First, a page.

Lloyd N. Krause, Robert C. Johnson, George E. Glawe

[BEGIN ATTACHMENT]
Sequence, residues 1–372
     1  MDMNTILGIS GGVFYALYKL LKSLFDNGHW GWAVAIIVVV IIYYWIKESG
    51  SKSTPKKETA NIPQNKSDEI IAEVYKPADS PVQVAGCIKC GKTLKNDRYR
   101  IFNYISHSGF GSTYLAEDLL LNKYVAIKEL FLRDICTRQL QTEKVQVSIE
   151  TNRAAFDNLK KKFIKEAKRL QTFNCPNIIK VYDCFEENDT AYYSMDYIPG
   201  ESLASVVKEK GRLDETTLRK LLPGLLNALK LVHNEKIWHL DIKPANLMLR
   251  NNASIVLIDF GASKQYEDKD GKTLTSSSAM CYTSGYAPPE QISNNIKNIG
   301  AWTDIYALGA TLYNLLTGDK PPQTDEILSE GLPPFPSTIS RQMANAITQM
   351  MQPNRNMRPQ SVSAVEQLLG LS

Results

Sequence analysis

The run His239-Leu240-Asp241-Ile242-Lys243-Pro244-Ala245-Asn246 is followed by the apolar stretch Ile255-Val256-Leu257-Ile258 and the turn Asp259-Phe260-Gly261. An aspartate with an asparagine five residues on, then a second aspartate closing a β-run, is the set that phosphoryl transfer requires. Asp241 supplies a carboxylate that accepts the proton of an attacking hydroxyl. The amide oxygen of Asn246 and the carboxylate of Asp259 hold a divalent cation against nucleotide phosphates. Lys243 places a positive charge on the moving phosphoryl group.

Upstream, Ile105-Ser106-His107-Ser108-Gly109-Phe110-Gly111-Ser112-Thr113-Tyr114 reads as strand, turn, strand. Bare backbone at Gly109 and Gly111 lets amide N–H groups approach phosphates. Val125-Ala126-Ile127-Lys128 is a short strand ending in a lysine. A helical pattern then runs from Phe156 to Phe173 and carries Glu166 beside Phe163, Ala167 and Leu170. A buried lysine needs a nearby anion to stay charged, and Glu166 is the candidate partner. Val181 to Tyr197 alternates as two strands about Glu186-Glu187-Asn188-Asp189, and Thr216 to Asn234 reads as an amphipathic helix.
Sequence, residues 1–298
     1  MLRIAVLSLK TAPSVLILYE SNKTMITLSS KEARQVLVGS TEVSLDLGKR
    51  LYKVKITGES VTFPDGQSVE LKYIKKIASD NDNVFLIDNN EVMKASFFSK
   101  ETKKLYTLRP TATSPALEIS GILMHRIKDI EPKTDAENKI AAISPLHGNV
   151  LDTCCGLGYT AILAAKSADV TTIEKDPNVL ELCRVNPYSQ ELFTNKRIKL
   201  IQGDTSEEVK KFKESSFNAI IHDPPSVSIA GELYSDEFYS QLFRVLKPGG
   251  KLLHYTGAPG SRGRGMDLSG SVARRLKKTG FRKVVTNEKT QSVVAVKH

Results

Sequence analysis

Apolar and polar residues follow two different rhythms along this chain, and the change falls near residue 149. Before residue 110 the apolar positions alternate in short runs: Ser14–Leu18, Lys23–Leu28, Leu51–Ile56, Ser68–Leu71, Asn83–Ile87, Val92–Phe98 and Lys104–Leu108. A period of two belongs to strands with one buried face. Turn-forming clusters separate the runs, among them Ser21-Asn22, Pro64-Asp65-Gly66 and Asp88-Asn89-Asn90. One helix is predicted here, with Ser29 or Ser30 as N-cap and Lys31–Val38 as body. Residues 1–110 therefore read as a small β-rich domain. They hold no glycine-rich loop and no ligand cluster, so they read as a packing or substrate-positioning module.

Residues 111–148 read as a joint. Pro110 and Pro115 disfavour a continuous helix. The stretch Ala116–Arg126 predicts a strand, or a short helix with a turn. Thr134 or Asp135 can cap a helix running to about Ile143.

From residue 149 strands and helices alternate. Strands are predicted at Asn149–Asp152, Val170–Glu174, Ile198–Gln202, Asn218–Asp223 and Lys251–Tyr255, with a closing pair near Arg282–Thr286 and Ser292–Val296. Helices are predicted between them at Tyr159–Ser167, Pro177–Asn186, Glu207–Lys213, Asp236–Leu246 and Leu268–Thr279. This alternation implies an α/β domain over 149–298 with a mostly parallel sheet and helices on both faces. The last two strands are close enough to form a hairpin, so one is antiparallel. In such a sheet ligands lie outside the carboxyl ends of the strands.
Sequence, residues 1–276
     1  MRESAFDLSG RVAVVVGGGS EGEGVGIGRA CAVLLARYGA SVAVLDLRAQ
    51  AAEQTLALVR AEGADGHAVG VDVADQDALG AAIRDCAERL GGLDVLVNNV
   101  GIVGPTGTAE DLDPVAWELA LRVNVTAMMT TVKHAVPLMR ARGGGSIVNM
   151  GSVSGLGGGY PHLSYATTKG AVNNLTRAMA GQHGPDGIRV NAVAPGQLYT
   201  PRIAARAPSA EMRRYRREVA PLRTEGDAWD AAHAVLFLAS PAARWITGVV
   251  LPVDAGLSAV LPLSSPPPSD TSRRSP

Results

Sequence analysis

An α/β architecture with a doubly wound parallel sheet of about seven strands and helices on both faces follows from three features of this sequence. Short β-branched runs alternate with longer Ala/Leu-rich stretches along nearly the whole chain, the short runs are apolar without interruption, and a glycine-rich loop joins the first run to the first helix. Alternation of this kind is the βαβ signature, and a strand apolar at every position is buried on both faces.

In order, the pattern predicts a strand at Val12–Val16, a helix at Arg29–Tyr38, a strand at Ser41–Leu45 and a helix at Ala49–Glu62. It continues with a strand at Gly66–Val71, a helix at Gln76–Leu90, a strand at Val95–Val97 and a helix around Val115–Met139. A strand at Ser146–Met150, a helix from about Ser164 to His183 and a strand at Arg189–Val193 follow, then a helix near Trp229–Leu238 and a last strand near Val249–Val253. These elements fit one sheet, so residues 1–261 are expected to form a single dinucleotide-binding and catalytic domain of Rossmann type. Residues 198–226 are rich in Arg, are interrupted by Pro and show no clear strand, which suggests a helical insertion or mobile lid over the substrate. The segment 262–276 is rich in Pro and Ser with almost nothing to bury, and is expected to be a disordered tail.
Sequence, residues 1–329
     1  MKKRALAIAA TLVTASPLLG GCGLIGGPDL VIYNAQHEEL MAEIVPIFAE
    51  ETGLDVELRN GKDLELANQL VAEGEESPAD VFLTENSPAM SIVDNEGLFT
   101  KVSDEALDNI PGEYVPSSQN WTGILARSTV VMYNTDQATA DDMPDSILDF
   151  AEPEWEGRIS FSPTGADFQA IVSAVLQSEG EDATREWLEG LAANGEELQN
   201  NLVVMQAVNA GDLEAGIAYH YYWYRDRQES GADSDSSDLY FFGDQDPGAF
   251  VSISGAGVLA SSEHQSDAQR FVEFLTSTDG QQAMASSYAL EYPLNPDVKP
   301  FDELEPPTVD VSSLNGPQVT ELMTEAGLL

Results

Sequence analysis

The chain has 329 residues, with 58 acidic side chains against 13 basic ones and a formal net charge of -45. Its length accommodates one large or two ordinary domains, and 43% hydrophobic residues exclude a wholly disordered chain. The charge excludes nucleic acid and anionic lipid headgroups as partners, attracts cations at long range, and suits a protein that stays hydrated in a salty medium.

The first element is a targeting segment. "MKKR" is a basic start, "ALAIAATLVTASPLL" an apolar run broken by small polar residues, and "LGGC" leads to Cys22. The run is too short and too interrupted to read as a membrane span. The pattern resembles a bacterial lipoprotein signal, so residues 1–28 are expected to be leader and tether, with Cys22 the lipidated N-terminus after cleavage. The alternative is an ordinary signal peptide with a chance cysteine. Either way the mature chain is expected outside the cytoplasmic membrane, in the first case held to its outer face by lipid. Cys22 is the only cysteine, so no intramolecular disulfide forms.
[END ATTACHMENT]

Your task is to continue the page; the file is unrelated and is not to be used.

An immersion-type pyrometer is described that utilizes the controlled cooling of a continuously aspirated sample of the gas whose temperature is to be measured. The gas is cooled as it is drawn through a tube, after which its temperature is measured with a thermocouple. Free-stream total temperature is then obtained by a relation involving internal heat transfer in the tube, gas properties, and certain readily measured temperatures and pressures. A technique is described whereby calibration constants obtained in air at near room total temperature are used to compute the high-temperature correlations for other gases with known property values. Experimental comparison in a high-temperature gas stream with thermocouple probes and with a pneumatic-probe pyrometer showed agreement within 2 percent of total temperature in the range 2000 to 4000 degrees R.
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